Gender Differences in Chronic Hormonal and Immunological Responses to CrossFit®

Int J Environ Res Public Health. 2019 Jul 19;16(14):2577. doi: 10.3390/ijerph16142577.


This study was designed to analyze the chronical responses of the hormonal and immune systems after a CrossFit® training period of six months as well as to compare these results between genders. Twenty-nine CrossFit® practitioners (35.3 ± 10.4 years, 175.0 ± 9.2 cm, 79.5 ± 16.4 kg) with a minimum CrossFit® experience of six months were recruited, and hormonal and immune responses were verified every two months during training. The training was conducted in five consecutive days during the week, followed by two resting days. Testosterone (T) values were significantly higher at the last measurement time (T6 = 346.0 ± 299.7 pg·mL-1) than at all the other times (p < 0.002) and were higher in men than in women (p < 0.001). Cortisol (C) levels were lower at all times compared to the initial level before training, and differences were observed between men and women, with men having a lower value (T0: p = 0.028; T2: p = 0.013; T4: p = 0.002; and T6: p = 0.002). The TC ratio in women was lower at all times (p < 0.0001) than in men. Significant effects on CD8 levels at different times (F(3.81) = 7.287; p = 0.002; ηp2 = 0.213) and between genders (F(1.27) = 4.282; p = 0.048; ηp2 = 0.137), and no differences in CD4 levels were observed. CrossFit® training changed the serum and basal levels of testosterone and cortisol in men (with an increase in testosterone and a decrease in cortisol).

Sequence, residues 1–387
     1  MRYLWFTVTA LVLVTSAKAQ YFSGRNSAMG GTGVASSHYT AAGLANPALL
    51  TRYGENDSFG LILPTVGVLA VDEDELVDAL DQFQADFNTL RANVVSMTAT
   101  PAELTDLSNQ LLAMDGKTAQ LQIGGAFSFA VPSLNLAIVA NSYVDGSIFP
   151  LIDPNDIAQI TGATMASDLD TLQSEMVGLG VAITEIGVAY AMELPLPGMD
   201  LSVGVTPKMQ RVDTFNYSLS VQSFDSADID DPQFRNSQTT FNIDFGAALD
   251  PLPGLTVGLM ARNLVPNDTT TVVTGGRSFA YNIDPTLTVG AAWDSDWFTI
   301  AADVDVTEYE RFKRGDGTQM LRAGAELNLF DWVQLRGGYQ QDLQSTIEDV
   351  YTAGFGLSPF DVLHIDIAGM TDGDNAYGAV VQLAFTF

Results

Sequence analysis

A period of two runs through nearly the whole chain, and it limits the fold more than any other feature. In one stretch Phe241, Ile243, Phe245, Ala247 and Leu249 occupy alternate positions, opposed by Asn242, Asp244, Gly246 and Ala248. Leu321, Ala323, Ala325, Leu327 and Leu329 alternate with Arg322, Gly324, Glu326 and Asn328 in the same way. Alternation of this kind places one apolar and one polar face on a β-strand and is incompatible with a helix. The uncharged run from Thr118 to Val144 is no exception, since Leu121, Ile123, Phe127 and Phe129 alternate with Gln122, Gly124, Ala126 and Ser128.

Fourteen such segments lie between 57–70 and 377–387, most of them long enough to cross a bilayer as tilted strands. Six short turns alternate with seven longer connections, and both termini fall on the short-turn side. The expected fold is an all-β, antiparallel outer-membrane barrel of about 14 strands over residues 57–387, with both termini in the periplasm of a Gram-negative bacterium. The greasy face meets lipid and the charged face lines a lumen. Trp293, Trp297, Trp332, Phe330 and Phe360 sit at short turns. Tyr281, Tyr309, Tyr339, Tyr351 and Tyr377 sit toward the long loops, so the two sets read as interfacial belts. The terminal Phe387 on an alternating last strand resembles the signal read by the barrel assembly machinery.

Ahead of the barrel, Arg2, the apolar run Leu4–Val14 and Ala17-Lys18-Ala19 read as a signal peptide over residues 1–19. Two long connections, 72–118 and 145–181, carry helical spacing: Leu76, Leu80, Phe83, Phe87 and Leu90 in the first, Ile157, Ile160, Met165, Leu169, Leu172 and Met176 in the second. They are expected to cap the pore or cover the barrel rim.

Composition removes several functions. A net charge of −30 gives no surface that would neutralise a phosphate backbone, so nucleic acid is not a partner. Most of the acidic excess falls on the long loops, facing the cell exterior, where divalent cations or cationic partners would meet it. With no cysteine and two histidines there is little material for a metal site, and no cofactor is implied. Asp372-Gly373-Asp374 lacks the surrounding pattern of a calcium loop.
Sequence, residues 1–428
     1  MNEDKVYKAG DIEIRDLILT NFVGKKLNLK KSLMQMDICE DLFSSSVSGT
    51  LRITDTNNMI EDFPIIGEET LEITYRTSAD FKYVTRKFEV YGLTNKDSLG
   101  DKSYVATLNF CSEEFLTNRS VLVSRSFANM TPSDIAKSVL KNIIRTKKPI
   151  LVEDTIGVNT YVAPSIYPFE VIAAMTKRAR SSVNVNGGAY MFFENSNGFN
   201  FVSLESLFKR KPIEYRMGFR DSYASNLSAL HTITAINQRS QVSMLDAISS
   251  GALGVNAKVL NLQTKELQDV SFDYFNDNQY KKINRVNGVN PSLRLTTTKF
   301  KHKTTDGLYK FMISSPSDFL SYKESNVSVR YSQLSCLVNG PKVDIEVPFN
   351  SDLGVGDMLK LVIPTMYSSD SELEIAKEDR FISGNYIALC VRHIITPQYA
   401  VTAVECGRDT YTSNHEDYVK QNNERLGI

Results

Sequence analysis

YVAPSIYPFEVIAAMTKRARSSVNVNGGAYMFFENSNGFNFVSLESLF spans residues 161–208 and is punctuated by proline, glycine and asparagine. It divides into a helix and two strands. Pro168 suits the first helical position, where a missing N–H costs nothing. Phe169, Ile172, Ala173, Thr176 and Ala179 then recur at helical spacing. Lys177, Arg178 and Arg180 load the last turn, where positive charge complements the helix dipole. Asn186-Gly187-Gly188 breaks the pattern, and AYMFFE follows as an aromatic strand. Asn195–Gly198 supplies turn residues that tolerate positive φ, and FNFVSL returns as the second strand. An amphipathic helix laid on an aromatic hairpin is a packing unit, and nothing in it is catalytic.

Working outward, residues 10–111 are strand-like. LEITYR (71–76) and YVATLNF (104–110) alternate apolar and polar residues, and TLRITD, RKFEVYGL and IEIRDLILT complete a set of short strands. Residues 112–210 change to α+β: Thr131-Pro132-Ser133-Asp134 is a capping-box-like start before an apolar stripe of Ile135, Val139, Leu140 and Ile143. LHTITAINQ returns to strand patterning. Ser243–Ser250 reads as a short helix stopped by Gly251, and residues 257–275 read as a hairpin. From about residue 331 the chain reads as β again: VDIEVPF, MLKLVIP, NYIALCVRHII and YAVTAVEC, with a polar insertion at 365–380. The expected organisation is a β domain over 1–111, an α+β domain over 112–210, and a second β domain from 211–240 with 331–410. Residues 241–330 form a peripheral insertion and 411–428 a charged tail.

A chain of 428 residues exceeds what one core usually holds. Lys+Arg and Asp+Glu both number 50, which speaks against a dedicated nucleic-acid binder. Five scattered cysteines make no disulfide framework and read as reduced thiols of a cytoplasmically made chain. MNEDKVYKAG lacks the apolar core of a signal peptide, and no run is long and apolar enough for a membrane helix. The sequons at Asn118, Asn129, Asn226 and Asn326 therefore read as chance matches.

Keywords: CrossFit; RPE; hormonal responses; immunological responses.

MeSH terms

  • Adult
  • Exercise / physiology*
  • Female
  • Humans
  • Hydrocortisone / blood
  • Lymphocyte Count
  • Male
  • Middle Aged
  • Sex Characteristics*
  • Testosterone / blood
  • Young Adult


  • Testosterone
  • Hydrocortisone